# Relative motion between cars with different types of movements

#### Santilopez10

Homework Statement
Car A drives a curve of radius 60m with a constant velocity of 48 km/h. When A is at the given position, car B is at 30m away from the intersection and accelerating at 1.2 m/s^2 to the south. Calculate the lenght and direction of the acceleration that car B would measure of car A from its perspective at that instant.
Homework Equations
Kinematic equations in polar and cartesian coordinates
I think my approach is quite wrong, still I gave it a shot:
First I know that $v_A=13.3 m/s=r\omega=60\omega \rightarrow \omega=0.2 \frac{rad}{s}$
Then $$\vec a_A=-r\omega^2 e_r=-2.4 e_r$$
But $e_r=\cos{\theta}i+\sin{\theta}j$ and substituing the latter in the acceleration equation I have that $\vec a_A= -2i-1.2j$
At last: $$\vec a_{A/B}=\vec a_A - \vec a_B$$
and this is were I stopped, hope you can help me. Thanks!

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#### Emmo Amaranth

Looks to me like you're on the right track. Someone else please correct me if I'm wrong, but this looks like a simple vector addition problem.

#### Santilopez10

Looks to me like you're on the right track. Someone else please correct me if I'm wrong, but this looks like a simple vector addition problem.
I believe it should be wrong because I am not even taking into account the y and x distance that are given to me as information, maybe I should add the relative angular speed of A from B, tbh I am not quite sure.

#### Emmo Amaranth

But should that matter? The question asks for instantaneous acceleration.

#### Santilopez10

not quite sure, that is why I am asking here.

#### haruspex

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not quite sure, that is why I am asking here.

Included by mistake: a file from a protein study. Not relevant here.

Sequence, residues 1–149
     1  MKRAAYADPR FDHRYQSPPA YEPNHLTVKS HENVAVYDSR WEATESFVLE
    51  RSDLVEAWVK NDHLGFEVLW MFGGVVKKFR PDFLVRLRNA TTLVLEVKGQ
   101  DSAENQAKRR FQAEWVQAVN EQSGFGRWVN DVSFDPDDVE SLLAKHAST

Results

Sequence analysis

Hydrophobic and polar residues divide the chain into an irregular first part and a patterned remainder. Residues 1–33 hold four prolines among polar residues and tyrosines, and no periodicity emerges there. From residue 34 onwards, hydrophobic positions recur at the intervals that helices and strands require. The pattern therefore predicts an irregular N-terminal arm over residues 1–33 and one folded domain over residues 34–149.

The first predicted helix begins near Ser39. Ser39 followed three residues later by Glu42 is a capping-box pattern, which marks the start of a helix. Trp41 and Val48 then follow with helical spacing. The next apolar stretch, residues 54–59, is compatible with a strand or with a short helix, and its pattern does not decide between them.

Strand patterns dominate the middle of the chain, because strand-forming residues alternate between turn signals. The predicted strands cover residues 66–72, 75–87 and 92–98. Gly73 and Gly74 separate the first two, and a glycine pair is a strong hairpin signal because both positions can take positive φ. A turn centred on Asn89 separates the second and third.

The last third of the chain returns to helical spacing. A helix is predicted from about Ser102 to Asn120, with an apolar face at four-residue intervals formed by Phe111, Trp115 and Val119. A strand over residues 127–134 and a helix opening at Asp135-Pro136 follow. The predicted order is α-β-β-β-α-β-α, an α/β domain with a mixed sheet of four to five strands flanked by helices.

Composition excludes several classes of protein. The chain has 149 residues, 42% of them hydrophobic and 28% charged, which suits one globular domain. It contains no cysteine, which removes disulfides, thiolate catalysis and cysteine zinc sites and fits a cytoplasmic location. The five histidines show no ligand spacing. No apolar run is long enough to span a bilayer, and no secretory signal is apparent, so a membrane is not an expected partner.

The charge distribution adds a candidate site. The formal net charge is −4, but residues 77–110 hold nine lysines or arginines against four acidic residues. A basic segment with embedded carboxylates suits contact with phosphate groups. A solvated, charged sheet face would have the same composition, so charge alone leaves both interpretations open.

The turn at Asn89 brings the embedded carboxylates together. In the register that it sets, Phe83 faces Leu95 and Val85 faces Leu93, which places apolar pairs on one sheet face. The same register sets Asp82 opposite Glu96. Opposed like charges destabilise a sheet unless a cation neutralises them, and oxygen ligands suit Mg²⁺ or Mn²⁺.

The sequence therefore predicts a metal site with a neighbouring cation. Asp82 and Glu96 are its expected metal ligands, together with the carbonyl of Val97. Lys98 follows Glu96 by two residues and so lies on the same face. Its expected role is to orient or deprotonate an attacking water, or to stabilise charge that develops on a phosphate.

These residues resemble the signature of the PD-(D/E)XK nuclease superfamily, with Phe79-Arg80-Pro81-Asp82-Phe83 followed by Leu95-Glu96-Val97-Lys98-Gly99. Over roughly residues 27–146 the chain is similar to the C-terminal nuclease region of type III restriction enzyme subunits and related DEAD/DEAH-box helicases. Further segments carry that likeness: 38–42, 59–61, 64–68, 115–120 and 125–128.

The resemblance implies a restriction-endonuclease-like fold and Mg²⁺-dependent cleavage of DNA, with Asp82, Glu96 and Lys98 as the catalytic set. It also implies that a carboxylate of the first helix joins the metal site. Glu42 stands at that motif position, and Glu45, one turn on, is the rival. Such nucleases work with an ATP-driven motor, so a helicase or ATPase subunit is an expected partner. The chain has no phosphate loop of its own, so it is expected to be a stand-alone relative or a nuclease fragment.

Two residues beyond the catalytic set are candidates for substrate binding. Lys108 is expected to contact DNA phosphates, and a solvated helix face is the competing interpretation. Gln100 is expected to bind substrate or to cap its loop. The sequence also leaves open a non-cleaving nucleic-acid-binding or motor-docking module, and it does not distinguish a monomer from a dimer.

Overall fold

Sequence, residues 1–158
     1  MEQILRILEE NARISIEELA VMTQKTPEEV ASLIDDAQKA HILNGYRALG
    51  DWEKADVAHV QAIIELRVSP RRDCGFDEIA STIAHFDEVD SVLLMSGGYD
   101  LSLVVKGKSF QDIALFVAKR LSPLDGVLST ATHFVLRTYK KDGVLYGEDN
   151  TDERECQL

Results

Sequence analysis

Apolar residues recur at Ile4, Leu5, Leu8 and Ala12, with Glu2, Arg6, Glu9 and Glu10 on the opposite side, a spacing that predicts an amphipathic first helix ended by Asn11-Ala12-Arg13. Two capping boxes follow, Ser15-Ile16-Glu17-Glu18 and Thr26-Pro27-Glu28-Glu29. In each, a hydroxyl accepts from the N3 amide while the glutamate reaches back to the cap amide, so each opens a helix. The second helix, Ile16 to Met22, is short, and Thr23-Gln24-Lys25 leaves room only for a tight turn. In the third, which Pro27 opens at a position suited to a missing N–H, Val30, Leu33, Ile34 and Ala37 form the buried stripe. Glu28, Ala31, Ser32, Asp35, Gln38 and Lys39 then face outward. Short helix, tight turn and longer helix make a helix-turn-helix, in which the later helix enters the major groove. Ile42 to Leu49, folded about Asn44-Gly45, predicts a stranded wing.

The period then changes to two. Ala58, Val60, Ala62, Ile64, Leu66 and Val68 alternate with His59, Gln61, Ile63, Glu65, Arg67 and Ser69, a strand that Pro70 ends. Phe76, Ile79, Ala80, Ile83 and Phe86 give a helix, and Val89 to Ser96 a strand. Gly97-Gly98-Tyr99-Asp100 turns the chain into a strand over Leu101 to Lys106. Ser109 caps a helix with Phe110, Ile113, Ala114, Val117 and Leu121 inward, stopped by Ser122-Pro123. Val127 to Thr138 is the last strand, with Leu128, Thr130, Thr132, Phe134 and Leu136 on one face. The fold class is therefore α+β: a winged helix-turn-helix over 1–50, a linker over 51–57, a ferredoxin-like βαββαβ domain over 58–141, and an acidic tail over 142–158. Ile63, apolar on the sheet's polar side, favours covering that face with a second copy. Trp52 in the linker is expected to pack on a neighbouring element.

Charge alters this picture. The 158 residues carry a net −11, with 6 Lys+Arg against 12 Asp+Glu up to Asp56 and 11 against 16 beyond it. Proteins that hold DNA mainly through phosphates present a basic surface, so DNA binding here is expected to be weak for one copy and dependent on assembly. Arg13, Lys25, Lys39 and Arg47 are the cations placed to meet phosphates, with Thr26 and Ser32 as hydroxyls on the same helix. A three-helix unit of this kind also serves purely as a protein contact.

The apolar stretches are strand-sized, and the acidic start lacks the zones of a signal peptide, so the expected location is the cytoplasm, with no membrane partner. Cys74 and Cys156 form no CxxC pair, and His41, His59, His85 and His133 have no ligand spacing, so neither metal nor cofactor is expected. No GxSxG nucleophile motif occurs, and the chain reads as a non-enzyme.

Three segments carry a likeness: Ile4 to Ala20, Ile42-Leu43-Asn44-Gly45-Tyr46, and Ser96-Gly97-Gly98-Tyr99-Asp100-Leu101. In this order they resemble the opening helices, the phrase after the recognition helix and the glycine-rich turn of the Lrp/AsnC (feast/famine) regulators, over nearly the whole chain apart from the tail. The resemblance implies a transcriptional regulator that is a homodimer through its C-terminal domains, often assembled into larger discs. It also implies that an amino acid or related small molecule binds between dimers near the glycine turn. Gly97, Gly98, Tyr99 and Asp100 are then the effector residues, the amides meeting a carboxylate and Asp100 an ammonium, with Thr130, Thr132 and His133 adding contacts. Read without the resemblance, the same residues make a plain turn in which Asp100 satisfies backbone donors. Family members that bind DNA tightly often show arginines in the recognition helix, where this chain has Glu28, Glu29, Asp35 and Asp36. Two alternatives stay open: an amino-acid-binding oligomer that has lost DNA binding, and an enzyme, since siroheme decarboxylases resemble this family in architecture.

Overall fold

If car B were at a different point along the axis, none of the accelerations in the ground frame wouid change, so the relative acceleration cannot change.
But you should resist plugging in numbers straight away. Create variables to replace the given numbers and work symbolically, only plugging in numbers at the end. It has many advantages, one being precision. The answer you got is rather inaccurate.

#### Santilopez10

If car B were at a different point along the axis, none of the accelerations in the ground frame wouid change, so the relative acceleration cannot change.
But you should resist plugging in numbers straight away. Create variables to replace the given numbers and work symbolically, only plugging in numbers at the end. It has many advantages, one being precision. The answer you got is rather inaccurate.
Okay I ended with $$\vec{a_{A/B}}=(-\frac{v^2}{r}\cos{\theta}+1.2)i-\frac{v^2}{r}\sin{\theta} j$$
Plugging the values I get that $$\vec{a_{A/B}}=-1.36 i -1.5 j \rightarrow |\vec{a_{A/B}}|=2 \frac{m}{s^2} \rightarrow \vec{a_{A/B}}(\theta)=132º$$
Note I changed the axis so that Y points upwards and X points to the right if you were Car B.

#### haruspex

Homework Helper
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2018 Award
Okay I ended with $$\vec{a_{A/B}}=(-\frac{v^2}{r}\cos{\theta}+1.2)i-\frac{v^2}{r}\sin{\theta} j$$
Plugging the values I get that $$\vec{a_{A/B}}=-1.36 i -1.5 j \rightarrow |\vec{a_{A/B}}|=2 \frac{m}{s^2} \rightarrow \vec{a_{A/B}}(\theta)=132º$$
Note I changed the axis so that Y points upwards and X points to the right if you were Car B.
You have a sign error in the first equation above.

#### Santilopez10

You have a sign error in the first equation above.
Would you show me where? I am reading this at bed at the moment, it is 00:43 here . If I could afford making the noise to search for my stuff I would do it. (People sleeping here )

#### haruspex

Homework Helper
Gold Member
2018 Award
Would you show me where? I am reading this at bed at the moment, it is 00:43 here . If I could afford making the noise to search for my stuff I would do it. (People sleeping here )
Are the two $\hat i$ accelerations in the same sense or opposite sense? Would you expect the relative acceleration to be more or less in magnitude then the max of the two?

#### Santilopez10

Are the two $\hat i$ accelerations in the same sense or opposite sense? Would you expect the relative acceleration to be more or less in magnitude then the max of the two?
You are right, it should be -1.2. Thanks a lot for the help!

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